In honour of Teacher’s Day (which in Korea is every 15th of May) here are, in opinion, the best things about teaching English in Korea. As the day fell on a weekend, most teachers will receive praise and recognition today, or will have done last Friday. “Happy Teacher’s Day” to them all!
5) Rising to the Challenge
If you have never taught before (as I hadn’t), taking on this role is certainly a challenge. Obviously, it depends on the organisation, but I was given absolutely no training, and was ‘thrown in at the deep end’ on my first day, with 6 one-hour classes to conduct with barely any preparation time. This was extremely daunting, and I was so nervous, but it’s amazing how quickly you learn.
The fact that that the role required so much intuition brought out the best in me, and prompted me to think harder and put in extra effort. The challenges that teaching brought with it made the work all the more rewarding and enjoyable.
4) Creative input
No other job I have had has allowed for so much creativity and versatility. A part of the role was to consider and devise enjoyable ways to convey information and engage students.
In my case, this involved creating games for the children to play, playing songs for them to sing along to, and inventing competitions with small prizes. For older and more advanced students, diary keeping in English as well as reading and discussing extracts from books and newspapers worked well.
My friend who taught in a high school had access to more advanced resources, and made interactive shopping experiences and quizzes for the students.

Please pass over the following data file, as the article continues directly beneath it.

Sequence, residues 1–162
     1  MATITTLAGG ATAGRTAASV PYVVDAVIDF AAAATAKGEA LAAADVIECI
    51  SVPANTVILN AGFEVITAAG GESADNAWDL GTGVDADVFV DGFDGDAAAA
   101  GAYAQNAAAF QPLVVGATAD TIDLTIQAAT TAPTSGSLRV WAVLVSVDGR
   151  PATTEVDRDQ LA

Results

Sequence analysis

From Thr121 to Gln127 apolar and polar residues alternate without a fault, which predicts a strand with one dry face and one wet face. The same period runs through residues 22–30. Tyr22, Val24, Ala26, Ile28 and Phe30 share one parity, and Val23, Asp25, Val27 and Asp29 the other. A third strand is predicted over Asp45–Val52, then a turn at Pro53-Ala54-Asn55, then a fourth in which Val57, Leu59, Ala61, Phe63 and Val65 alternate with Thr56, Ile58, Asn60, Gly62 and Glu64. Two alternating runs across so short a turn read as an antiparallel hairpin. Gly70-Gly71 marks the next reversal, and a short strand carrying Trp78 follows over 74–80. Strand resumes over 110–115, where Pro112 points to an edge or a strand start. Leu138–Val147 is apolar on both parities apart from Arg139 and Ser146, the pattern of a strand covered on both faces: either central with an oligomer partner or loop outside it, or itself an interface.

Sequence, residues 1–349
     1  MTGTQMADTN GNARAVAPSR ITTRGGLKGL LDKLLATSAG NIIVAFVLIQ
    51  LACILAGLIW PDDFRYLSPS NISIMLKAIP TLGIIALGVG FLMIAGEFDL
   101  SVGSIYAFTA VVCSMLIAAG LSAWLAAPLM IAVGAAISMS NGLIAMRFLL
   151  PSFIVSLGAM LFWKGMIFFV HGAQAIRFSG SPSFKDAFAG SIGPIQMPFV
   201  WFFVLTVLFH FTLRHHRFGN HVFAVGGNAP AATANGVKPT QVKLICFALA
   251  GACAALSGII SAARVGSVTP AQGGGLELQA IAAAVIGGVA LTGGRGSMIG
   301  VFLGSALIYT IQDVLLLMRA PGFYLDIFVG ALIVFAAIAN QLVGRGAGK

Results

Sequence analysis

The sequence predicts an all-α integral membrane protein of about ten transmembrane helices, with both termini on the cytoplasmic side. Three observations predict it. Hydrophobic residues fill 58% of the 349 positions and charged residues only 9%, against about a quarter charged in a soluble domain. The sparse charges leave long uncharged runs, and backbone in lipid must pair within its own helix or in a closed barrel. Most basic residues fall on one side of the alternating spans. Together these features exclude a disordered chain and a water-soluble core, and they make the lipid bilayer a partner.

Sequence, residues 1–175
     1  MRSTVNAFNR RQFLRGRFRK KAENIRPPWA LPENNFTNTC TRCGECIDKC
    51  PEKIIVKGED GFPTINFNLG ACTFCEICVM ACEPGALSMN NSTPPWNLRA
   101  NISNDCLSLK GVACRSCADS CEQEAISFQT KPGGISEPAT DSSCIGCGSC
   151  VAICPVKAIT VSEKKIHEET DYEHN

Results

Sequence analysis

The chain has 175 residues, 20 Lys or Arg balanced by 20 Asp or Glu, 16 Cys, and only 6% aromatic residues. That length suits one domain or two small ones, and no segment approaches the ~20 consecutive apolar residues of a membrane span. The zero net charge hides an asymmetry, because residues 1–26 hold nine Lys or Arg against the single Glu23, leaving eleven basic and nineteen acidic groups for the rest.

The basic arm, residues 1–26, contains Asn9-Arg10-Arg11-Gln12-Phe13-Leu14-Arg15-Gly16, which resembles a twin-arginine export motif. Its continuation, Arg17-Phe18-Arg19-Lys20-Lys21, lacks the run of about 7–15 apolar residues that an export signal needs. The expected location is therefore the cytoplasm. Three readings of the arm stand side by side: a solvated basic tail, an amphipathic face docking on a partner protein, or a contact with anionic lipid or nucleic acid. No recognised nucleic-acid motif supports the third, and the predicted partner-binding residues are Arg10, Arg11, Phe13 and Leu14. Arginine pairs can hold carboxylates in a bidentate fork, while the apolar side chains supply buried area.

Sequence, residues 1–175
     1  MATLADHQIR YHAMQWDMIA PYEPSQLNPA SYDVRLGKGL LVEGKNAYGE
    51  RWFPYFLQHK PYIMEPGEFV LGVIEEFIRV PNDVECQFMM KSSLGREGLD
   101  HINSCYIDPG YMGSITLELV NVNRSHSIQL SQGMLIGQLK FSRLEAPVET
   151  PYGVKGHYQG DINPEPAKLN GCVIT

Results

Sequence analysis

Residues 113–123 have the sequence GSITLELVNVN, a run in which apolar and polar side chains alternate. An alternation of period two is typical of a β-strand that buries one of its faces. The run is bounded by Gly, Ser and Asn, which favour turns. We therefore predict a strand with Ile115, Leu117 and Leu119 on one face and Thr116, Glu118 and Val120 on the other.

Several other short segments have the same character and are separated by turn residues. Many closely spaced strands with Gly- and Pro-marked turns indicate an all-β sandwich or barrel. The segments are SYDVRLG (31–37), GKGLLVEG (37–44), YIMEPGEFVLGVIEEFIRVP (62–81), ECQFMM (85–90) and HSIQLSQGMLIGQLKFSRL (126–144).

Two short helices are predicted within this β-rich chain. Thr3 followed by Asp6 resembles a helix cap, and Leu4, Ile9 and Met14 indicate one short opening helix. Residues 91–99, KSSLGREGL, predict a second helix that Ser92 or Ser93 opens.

3) Special Days
I really enjoyed making a big deal of each and every “special day” throughout the year. These included Children’s and Teacher’s Day in May, Halloween (not usually celebrated in Korea but endorsed in English schools), Christmas, and Chuseok (추석) which is Korea’s harvest festival, amongst many others. Children love activities, and anything topical and seasonal is a great excuse to provide more varied teaching methods. Celebrating these special days whilst teaching was a brilliant way to be involved and immersed in Korean traditions, festivals, and ceremonies.
2) Seeing the Difference
Anyone who has ever taught will surely agree that there is nothing like noticing the progress that your students have made, and are continually making. With progress comes confidence, and this is all-important in language learning. Encouraging and rewarding students is all part of the teaching process, and helps to engage them. I am so proud of the progress that each of my students made in just one year, as well as their positive attitude to learning English.
Working in a Hagwon (학원) / academy meant that I taught students of all ages, ranging from 4 year olds learning the ‘ABC’ for the very first time to university students and adults who were at the conversational level. Across the board, the students were the greatest thing about this job.
Adult students were so eager to learn, as well as to hear and understand more about the way of life in England.
Like all children, the kids I taught could be cheeky, naughty, and moody at times, but all in all they were an absolute joy to teach. They made coming to school every day so worthwhile, and made me laugh every single day. These photos give a snapshot:
I would highly recommend teaching English in Korea to anyone interested in gaining teaching experience and learning about Korean culture first-hand. Here are some organisations that can find placements and facilitate:
- Flying Cows (very helpful UK-based company- I found my placement through them) http://www.flying-cows.com
- Access Korea Now (Canadian company) http://www.asknow.ca
- English Program in Korea (biggest program of its kind, best for getting a job in a pubic school rather than Hagwon) http://epik.go.kr